Conversational Geometry (2009)
For tenor trombone, amplified acoustic guitar and piano. Dedicated to Dirk Amrein. Duration – 14:00.
Swiss Brazil Connection | Premiere performance of Conversational Geometry with Dirk Amrein, Posaune, Maurizio Grandinetti, Gitarrre, Jürg Henneberger, Klavier | Recorded by DRS2 Swiss Radio | Aufnahme Gare du Nord Basel, 17. Dezember 2010
As the title suggests, conversational Geometry is a conversation between three voices; guitar, trombone and piano. This conversation is sometimes delicate and at other times robust and confrontational presenting complex musical layers in constantly changing relationships. The piece is formed by bringing together the music from three other pieces of mine and ‘mashing’ them together. This process is not as arbitrary as it may sound; all the material brought together comes from pieces that stem originally from the same material, so the links are deeply embedded within them. These links become apparent after listening to the music several times as its complex interweaving of lines can (purposely) obscure these relationships rather like several people talking about the same topic at once but not actually talking to each other.
As explained in previous interviews:
“New works are also originated by recycling existing pieces of music through changing contexts and relationships, transforming this material into something quite new. Many of the acoustic pieces I write find their starting point from within other pieces of music I’ve already written.
I am fascinated how altered contexts can radically redefine the way musical material feels and sounds. Transplanting different layers, voices or strands of music from one piece to another, altering tempi and dynamics, transposing, inverting, and then letting those strands sound out together; all of these methods fascinate me.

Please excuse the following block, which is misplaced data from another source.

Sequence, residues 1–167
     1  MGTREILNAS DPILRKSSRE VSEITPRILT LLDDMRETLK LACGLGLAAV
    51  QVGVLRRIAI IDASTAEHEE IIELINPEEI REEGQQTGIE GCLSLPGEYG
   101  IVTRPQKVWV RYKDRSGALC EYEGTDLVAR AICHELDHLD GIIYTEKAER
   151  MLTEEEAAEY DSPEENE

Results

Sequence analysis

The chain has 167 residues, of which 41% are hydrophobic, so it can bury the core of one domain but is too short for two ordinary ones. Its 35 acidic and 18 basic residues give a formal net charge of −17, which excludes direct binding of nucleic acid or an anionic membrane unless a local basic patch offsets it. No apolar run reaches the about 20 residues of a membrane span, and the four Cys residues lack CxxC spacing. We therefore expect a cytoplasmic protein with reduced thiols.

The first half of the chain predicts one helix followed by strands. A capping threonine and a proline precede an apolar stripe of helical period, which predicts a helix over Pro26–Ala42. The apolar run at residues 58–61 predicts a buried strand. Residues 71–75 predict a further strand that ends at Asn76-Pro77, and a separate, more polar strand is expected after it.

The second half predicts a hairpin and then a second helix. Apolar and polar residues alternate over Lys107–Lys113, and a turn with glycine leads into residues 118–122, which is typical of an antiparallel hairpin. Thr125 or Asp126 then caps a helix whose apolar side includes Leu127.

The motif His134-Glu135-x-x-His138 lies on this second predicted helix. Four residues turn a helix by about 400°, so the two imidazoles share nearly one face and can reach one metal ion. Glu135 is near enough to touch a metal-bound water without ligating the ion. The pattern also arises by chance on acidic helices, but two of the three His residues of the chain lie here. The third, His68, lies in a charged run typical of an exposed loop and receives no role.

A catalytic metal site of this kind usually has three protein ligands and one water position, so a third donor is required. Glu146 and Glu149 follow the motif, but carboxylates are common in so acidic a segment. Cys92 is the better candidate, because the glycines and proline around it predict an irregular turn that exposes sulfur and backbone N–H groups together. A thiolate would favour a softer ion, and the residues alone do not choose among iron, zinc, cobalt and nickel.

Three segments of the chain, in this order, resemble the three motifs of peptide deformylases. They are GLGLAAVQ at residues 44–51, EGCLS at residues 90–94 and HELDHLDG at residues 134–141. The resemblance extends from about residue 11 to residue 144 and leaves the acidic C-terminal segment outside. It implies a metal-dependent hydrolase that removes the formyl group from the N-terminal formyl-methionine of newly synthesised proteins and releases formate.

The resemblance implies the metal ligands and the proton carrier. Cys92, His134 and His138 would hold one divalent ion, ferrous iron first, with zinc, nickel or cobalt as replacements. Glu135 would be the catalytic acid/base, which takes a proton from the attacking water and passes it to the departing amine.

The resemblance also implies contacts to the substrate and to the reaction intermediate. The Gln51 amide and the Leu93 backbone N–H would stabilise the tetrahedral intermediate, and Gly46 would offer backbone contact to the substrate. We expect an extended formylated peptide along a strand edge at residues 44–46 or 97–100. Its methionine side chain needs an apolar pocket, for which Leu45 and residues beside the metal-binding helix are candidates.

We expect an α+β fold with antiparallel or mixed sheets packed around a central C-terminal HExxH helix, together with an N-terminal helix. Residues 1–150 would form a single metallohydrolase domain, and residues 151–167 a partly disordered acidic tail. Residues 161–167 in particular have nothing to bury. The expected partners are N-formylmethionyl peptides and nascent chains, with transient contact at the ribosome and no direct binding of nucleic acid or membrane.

Like the music, my paintings are often produced in series, each painting being influenced by the former. Sometimes I will paint two or three pictures at the same time, each sharing the same starting point, layers and processes until something happens to make me want to separate them and explore them in different ways. In music, the recycling of material ensures that there is a ‘genetic’ connection between all the works – sometimes up to 15 individual pieces may be connected in this way. They are like sons and daughters, cousins, five times removed. With this ‘genetic’ material comes history, characteristics and content. In music, as with people, the way this genetic material is ‘lived out’ determines the character and make-up of the person or piece. This can lead to very individual outcomes.”
Sergio Augusto Cote Barco
From the path of avant-garde movements, artistic proposals, various tools and techniques of all aesthetic expressions which have instigated the shift from post-modernism in the XX century to contemporaneity of XXI century, in music a conflict of conceptual links of actual creation persists and has exit since the eighties decade. This ideological conflict tends to be generalised in concepts of complexity and simplicity. In the first instance “one aims to achieve, within the piece, a complex interaction and different layers of processes which occur simultaneously between the elements of musical material” (Fox. n.d.) The second is found “designed in reaction to the processes of formalised composition and abstracts of avant-garde music in the second half of the XX century” (Fox. n.d.) in which the composer searches for a “rapprochement between the creative impulse and the musical result” (Murcia. 2011).
This century continues to be prolific in the surge of new proposals which, if they have been influenced by arguments made by the defenders of each of the aforementioned proposals, result in relations as eclectic solutions to the dilemma, which in turn result in a dynamic conversation between the two slopes applied to the different moments of an artistic expression. This is the case of Marc Yeats, a significant composer and visual contemporary British artist born in 1962. In his work, there is evidence of clear features of a complex approach. Even so, since his article Complexity; what’s the point? In which he confirms the influence of complexity and highlights a particular piece called Conversational Geometry, a series of reflections have been brought about regarding the dynamism which the author searches for in his piece which is linked to the complex methodology rather than a simple perception from the point of view of the spectator. Taking into account that previously stated, this paper aims to expose how the configuration of certain technical elements of Conversational Geometry manage to make a clear example of the aesthetic proposal made by Marc Yeats, a proposal which is denominated briefly in his writing as Gentle Complexity.